Alert Sign Dear reader, online ads enable us to deliver the journalism you value. Please support us by taking a moment to turn off Adblock on Dawn.com.

Alert Sign Dear reader, please upgrade to the latest version of IE to have a better reading experience

.

KARACHI, March 3: Mutilated bodies of specially bred roosters lie unattended on the ground. The piece of land, partly covered by a marquee in Mowach Goth, has been the venue of a blood-curdling cockfight. Jubilant lovers of the outlawed sport, some accompanied by visibly shaken children, leave in twos and threes. The show has ended for the day.

“All of this is for fun. Gamblers across the city make millions in cockfights organised in collusion with police. In this case, police were paid Rs300 per rooster for looking the other way while the sporting event was held here,” says Mohammad Baksh, a regular visitor from Mirpurkhas to Mowach Goth’s weekly cockfight.

Affectionately called “cheater” by his friends, Baksh has invested his entire life in the centuries-old blood sport, which is prohibited in the country under The Prevention of Cruelty to Animals Act, 1890.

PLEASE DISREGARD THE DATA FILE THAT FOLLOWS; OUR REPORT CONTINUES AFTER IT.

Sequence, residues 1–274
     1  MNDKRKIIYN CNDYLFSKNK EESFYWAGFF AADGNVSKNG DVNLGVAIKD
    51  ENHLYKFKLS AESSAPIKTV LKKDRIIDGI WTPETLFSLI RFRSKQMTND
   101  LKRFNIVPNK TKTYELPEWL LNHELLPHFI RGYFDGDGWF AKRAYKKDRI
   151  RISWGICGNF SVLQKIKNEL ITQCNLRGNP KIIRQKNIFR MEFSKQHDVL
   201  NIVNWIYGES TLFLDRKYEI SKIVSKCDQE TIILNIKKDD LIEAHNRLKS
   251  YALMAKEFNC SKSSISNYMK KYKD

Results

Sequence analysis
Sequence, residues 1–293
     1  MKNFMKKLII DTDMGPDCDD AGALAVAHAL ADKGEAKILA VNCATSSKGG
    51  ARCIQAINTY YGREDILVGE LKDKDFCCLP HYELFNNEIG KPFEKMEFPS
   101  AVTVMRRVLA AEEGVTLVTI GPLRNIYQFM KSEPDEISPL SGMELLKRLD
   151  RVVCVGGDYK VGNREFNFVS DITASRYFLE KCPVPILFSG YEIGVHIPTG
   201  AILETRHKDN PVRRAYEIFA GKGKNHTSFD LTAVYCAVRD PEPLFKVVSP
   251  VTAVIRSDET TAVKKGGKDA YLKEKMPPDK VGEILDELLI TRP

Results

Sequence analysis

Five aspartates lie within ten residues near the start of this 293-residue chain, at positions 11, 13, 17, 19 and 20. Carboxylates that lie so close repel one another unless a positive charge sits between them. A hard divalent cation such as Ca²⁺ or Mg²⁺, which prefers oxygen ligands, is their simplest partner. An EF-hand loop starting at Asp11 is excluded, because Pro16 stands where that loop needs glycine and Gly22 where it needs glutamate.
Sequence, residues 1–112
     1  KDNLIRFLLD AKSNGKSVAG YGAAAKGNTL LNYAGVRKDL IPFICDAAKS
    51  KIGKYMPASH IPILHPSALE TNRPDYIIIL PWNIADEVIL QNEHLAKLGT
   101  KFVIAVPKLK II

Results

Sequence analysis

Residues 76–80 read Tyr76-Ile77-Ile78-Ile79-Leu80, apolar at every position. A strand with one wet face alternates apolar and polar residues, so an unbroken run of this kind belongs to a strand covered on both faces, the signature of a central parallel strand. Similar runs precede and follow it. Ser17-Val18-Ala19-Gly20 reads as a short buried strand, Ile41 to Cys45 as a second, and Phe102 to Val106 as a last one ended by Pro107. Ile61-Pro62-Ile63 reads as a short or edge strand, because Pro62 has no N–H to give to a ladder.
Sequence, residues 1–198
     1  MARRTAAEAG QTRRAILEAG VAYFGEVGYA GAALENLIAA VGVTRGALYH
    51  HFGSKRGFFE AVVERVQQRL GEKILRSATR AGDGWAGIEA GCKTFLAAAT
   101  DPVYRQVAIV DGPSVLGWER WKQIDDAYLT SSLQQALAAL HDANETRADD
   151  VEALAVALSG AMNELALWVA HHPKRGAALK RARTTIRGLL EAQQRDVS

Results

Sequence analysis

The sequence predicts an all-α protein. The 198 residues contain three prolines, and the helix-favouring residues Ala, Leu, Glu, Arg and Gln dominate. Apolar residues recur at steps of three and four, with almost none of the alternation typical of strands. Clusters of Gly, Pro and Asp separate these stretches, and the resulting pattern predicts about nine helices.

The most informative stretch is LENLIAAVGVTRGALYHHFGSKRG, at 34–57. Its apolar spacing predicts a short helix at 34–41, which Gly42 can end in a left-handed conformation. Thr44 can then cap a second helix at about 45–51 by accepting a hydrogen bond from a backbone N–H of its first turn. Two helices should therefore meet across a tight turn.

“This is my source of livelihood. I own 23 gamecocks. Besides, I also make money by taking care of animals that get injured during the fights,” he says matter-of-factly.

Located in Baldia Town, Mowach Goth has been the venue of cockfights for over five years. Though cockfights are held at a smaller scale in many areas of the city, some popular venues include New Karachi, Korangi and the Hub river.

Cockpits in Clifton, Defence, Manghopir, Nazimabad and Machhar Colony have been closed over the years.

According to Baksh, from 80 to 100 roosters are brought for a single fight to Mowach Goth. The stakes can range from Rs50,000 to Rs100,000 as bird owners and spectators bet large sums of money on the outcome of fights.

“The combatants get injured because their spurs, after partial removal and sharpening, are fitted with sharp pointed objects, almost two-and-a-half-inch-long. At times, what enables a rooster to carry the day is its first attack on the unsuspecting opponent rather than its strength.”

Baksh says a cockfight can last from several minutes to almost an hour.